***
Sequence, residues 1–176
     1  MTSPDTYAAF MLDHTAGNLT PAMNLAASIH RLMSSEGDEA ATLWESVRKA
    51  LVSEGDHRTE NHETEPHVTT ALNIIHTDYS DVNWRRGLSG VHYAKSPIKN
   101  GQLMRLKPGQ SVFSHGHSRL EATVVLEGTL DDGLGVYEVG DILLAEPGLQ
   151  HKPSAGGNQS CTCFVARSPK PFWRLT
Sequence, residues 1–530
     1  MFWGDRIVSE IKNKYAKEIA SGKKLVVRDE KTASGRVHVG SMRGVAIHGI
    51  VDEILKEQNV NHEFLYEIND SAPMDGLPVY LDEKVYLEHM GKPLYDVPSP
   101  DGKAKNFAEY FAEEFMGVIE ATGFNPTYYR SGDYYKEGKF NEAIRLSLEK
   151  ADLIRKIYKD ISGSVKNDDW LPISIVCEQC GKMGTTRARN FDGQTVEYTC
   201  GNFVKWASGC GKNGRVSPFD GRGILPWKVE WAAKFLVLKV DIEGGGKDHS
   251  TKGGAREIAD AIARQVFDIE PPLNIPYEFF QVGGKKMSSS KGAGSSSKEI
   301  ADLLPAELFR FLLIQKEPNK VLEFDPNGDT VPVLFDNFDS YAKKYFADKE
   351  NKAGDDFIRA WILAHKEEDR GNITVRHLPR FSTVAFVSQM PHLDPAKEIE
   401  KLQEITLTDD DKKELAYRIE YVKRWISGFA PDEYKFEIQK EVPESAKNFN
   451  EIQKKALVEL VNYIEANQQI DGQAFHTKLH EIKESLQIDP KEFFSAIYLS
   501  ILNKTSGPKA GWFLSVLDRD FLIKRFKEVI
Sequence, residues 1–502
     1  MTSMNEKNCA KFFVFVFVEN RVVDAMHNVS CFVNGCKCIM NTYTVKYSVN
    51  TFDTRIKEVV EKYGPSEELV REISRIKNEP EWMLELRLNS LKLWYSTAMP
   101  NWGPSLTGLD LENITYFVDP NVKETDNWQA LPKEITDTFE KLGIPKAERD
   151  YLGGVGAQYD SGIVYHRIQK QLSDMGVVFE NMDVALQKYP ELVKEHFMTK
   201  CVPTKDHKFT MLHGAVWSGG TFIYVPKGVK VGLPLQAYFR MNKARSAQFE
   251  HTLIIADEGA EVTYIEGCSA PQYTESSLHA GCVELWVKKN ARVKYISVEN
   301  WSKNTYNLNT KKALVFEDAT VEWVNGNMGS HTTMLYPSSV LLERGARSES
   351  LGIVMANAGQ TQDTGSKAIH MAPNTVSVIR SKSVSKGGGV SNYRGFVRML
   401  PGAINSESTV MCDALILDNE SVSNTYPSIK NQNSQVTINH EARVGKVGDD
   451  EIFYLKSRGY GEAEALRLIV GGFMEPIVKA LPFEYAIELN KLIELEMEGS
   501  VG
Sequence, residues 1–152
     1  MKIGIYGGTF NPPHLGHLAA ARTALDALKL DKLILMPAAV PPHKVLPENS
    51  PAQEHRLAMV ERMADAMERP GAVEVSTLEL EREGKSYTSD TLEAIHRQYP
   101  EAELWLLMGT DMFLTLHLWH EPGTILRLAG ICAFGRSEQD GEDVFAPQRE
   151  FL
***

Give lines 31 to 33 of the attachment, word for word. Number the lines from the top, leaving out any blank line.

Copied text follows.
     1  MKIGIYGGTF NPPHLGHLAA ARTALDALKL DKLILMPAAV PPHKVLPENS
    51  PAQEHRLAMV ERMADAMERP GAVEVSTLEL EREGKSYTSD TLEAIHRQYP
   101  EAELWLLMGT DMFLTLHLWH EPGTILRLAG ICAFGRSEQD GEDVFAPQRE